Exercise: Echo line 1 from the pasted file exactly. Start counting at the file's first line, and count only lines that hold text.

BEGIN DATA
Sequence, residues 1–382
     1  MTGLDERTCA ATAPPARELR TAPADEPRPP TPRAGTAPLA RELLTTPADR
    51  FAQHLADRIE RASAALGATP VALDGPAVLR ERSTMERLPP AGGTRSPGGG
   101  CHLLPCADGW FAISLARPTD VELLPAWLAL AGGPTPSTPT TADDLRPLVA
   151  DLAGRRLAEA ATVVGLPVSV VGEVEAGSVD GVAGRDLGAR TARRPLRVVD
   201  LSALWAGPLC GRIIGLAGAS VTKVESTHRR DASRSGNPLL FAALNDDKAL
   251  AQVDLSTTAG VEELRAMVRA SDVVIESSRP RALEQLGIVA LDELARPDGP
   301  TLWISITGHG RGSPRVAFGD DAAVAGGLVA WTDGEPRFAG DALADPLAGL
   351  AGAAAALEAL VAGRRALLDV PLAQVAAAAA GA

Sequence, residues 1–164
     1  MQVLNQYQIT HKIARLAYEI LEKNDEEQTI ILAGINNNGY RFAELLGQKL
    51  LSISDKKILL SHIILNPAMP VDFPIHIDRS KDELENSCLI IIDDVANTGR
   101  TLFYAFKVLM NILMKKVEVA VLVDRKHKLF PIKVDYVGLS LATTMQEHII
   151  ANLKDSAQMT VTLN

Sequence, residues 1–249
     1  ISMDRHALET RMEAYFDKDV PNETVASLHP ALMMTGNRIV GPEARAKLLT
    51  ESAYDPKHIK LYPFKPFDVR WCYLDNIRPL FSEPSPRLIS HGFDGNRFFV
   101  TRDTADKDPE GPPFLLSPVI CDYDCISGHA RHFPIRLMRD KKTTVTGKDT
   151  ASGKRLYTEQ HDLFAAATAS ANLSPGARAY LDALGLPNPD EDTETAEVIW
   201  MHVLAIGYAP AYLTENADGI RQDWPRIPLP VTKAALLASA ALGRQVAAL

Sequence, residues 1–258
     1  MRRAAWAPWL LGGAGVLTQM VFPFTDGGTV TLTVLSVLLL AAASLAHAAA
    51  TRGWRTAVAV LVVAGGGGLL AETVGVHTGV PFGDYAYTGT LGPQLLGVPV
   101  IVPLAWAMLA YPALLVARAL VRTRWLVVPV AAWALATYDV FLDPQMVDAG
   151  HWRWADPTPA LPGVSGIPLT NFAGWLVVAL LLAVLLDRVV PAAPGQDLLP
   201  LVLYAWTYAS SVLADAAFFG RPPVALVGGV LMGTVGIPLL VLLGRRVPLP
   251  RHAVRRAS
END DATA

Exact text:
Sequence, residues 1–382